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and when thrown upon hot coals emits a thick smoke and disagreeable smell. When distilled, it gives an abundant oil; fat, and of a brown colour and fœtid odour. Exposed to the air, these mummies soon change, attract humidity, and become covered with an efflorescence of saline substances.
(2.) The mummies simply salted and dried are generally worse preserved than those filled with resins and bitumen. Their skin is dry, white, elastic, light, yielding no odour, and easily broken; and masses of adipocere are frequently found in them. The features are destroyed; the hair is entirely removed; the bones are detached from their connections with the slightest effort, and they are white like those of a skeleton. The cloth enveloping them falls to pieces upon being touched. These mummies are generally found in particular caves which contain great quantities of saline matters, principally the sulphate of soda.
Of the latter also several subdivisions may be made, according to the manner in which the bodies. were deposited in the tombs; and some are so loosely put up in bad cloths and rags, as barely to be separated from the earth or stones in which they have been buried. Some are more carefully enveloped in bandages, and arranged one over the other without cases in the same common tomb, often to the number of several hundred; a visit to one of which has been well described by Belzoni.* Some have certain peculiarities in the mode of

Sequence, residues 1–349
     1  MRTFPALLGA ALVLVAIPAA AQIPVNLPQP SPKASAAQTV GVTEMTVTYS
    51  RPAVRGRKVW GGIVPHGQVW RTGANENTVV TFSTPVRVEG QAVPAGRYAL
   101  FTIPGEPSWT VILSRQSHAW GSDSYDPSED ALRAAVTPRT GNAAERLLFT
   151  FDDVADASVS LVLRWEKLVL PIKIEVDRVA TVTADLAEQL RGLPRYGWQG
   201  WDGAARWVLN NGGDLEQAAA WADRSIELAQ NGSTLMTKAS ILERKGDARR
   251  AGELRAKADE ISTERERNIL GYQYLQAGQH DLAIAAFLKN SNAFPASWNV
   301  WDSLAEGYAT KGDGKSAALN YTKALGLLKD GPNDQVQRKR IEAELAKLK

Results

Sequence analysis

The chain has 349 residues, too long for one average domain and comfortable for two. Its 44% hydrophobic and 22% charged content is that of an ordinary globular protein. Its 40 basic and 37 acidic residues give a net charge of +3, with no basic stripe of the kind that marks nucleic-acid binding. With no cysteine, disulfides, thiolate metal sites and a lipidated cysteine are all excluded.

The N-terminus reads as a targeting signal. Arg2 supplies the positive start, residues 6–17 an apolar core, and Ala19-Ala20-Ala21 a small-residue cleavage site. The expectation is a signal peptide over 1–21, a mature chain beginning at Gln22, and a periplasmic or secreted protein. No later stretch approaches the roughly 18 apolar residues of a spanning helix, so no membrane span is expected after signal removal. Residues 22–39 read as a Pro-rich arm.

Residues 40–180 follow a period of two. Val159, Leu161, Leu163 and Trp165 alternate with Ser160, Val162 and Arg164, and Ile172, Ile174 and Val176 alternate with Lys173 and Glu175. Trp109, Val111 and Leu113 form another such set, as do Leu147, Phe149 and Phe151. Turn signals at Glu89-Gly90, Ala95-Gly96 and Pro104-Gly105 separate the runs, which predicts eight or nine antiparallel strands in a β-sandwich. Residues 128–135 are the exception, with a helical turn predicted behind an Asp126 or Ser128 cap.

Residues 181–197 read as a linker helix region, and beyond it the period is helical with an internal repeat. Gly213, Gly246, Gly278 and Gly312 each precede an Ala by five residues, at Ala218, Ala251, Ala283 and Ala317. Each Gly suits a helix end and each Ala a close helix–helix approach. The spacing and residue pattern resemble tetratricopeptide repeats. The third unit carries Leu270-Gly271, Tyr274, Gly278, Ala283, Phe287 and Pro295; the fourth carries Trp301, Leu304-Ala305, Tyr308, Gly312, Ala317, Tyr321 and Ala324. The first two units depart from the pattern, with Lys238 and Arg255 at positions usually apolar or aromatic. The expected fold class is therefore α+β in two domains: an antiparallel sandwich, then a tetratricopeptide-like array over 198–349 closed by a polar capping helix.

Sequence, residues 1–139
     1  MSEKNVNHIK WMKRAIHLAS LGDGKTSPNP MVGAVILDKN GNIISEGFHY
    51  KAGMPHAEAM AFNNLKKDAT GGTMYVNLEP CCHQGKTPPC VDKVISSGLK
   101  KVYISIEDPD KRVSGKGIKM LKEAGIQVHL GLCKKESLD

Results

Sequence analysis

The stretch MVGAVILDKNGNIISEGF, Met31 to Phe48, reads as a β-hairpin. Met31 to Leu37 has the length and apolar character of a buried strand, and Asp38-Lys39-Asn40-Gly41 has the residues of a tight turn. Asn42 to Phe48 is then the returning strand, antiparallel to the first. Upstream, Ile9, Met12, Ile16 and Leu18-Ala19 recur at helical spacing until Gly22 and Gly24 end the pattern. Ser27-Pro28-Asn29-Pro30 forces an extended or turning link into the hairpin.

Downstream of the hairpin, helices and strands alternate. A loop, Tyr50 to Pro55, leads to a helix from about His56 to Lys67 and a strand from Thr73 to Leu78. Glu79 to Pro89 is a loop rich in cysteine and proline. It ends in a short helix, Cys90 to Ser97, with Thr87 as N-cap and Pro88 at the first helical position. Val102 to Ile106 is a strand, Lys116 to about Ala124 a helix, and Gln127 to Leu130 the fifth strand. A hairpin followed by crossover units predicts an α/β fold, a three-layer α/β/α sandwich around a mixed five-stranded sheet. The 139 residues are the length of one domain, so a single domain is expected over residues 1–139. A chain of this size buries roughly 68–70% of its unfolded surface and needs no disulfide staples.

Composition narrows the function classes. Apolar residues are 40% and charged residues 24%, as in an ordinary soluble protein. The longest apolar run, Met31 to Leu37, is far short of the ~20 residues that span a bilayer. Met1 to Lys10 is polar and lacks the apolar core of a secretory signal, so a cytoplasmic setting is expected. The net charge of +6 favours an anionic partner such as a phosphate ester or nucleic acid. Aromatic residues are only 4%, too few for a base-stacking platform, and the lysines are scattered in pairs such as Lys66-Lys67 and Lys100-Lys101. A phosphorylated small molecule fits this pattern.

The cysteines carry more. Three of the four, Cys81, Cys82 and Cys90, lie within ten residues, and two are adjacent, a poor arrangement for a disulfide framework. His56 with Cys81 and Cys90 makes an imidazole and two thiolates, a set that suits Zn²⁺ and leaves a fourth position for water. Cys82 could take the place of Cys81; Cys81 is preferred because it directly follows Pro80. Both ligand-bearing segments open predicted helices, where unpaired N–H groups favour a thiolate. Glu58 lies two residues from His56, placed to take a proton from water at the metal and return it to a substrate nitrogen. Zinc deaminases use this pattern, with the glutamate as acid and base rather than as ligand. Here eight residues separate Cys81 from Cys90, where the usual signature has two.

* Page 156. Vide Pettigrew, p. 39.
their preservation. In many the skulls are filled with earthy matter in lieu of bitumen; and some mummies have been prepared with wax and tanning, a remarkable instance of which occurs in that opened by Dr. Granville,— for a full account of which I refer the reader to his work descriptive of the body and its mode of preservation. I cannot, however, omit to mention a wonderful proof of the skill of the embalmers in this as in so many other instances, who, by means of a corrosive liquid, had removed the internal tegument of the skull, and still contrived to preserve the thin membrane below, though the heat of the embalming matter afterwards poured into the cavity had perforated the suture and scorched the scalp.
It has been a general and a just remark that few mummies of children have been discovered, a singular fact, not easily accounted for, since the custom of embalming those even of the earliest age was practised in Egypt.*